Classic protestant churches are much like. Each congregation has a strong sense of identity that has developed over more than a century and continues to characterize its worship and congregational life. Most of these congregations, however, remember times when their sense of vitality was greater than now is the case. They hope to find ways of renewing and strengthening their worship, work, and congregational life, but to do so it is necessary to understand the nature of their current diminishment.
These churches manifest a condition that Ronald Heifetz and colleagues describe as the gap between an espoused value and current reality (Adaptive Leadership, p. 18). They order their activities according to theological and cultural principles that have sustained them for generations and led them to their times of greatest effectiveness. Since the 1960s, however, the world around these churches has changed and the patterns of life developed in earlier periods are less and less effective.
Heifetz and his colleagues propose that organizations (such as classic protestant congregations across the United States and Canada) can enter into a period of adaptive change that will lead them to renewed health and effectiveness. This approach to congregational transformation is based on understanding two aspects of the situation in which congregations now exist.
First is for congregational leaders to become aware of the values, relationships, and activities that are central to their core being. Churches have ecclesial DNA, which over time can be rearranged or go through a process of mutation, but which stays with the congregation on into the future. No matter how much a congregation changes, it is the same congregation.
The second factor is the changed cultural world within which the congregation and its people find themselves. It’s easy enough to recognize that community demographics change over time, and many congregations have found useful ways of adapting their worship, congregational life, and mission as these external conditions change. More challenging is the need to recognize and understand the broad cultural changes that are changing many of the most basic aspects of the social, cultural, and political world within which all of the people live.
Heifetz and his colleagues suggest that organizations that meet their new culture can thrive. They draw the “concept of thriving from evolutionary biology, in which a successful adaptation has three characteristics.” It (1) preserves the DNA essential to the organism’s continued life; (2) it discards, reregulates, or rearranges the DNA no longer useful; (3) it creates DNA arrangements that make it possible for the organism to “flourish in new ways and in more challenging environments” (p. 14).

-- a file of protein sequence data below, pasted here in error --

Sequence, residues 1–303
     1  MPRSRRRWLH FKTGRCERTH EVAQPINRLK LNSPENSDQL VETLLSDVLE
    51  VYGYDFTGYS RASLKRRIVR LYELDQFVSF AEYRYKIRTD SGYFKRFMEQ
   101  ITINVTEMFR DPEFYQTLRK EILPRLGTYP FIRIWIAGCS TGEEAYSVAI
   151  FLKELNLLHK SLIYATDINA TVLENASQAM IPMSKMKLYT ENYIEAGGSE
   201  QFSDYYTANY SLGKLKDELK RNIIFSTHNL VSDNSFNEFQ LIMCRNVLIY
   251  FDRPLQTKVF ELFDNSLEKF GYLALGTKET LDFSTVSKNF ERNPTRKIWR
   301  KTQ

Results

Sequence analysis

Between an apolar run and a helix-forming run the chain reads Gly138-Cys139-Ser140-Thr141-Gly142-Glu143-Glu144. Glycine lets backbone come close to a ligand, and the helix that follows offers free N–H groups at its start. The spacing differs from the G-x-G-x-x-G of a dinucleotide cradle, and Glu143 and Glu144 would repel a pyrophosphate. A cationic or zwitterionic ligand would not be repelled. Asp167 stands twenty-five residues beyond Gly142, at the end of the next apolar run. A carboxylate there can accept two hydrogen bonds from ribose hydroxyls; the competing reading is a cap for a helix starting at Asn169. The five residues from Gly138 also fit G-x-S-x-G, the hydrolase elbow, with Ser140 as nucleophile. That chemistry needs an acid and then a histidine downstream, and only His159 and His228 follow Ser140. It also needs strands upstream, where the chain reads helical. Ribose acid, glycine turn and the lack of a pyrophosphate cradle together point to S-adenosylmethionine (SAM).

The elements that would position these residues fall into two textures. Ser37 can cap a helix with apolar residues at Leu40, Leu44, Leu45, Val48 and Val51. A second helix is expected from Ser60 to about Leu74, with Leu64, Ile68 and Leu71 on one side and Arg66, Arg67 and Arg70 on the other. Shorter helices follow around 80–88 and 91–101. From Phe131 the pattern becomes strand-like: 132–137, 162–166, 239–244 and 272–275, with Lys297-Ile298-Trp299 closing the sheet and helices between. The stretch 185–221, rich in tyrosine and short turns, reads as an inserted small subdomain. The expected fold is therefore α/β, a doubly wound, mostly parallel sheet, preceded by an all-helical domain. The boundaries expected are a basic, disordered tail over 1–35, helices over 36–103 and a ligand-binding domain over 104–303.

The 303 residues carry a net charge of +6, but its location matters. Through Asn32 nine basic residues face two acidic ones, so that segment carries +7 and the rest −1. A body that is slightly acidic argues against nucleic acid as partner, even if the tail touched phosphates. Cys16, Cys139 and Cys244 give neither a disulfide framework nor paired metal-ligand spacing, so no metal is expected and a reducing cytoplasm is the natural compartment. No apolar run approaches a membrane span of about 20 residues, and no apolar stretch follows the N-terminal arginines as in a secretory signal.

So what is the DNA of churches of the classic churches that have been at the center of American life, churches on a continuum with Episcopal at the “liturgical” end, Disciples of Christ” at the “non-liturgical” end, and Lutheran, Presbyterian, Methodist, and Congregational (United Christ of Christ) in between? Here’s my list.
1. They are variants of the western Catholic Tradition as it was modified during the sixteenth-century Reformation. All of them share a modified theological structure that draws upon the great theologians like Augustine, Aquinas, Luther, Calvin, Schleiermacher, Niebuhr, and Tillich.
2. Worship is based on the classic Word-Table model, but with greater emphasis upon Word than upon Table. The Bible is central in worship and teaching, preaching is a major component of public worship, and print media (thanks to Gutenberg) and literacy are deeply engrained.
3. Worship is expressed in a traditional and polished version of the vernacular. Extempore forms of prayer are valued. Congregational singing, especially metrical hymns in place of chanted psalms and canticles, is the major mode of congregational participation in worship.
4. The intellectual and cultural developments often referred to as humanism, the Enlightenment, and modernism have been embraced and continue to be valued. The scientific and historical world view has been affirmed.
5. The churches are adapted to the political-cultural patterns of the western nations in which they practice their versions of the Christian faith. They fluctuate between supporting the political system and serving as a prophetic counter voice.
The result is a tight integration of protestant churches and a wide range of human culture. In their worship these churches lift the heart, soul, and mind of a society up to God in prayer.
The serious downside is that these churches become so accommodated to the culture that their transcendence is compromised. Gradually, these churches and the worship the conduct become “conventional,” to use Tom Schattauer’s analysis, salt that has lost its savor, to use the cryptic analogy from the Sermon on the Mount. For this very reason, these churches find it difficult to deal with the changes that occur in the larger cultural context. People hang on to what is familiar and fail to make the adaptive changes that will allow them to continue to thrive.
What are these cultural changes? More on that next time.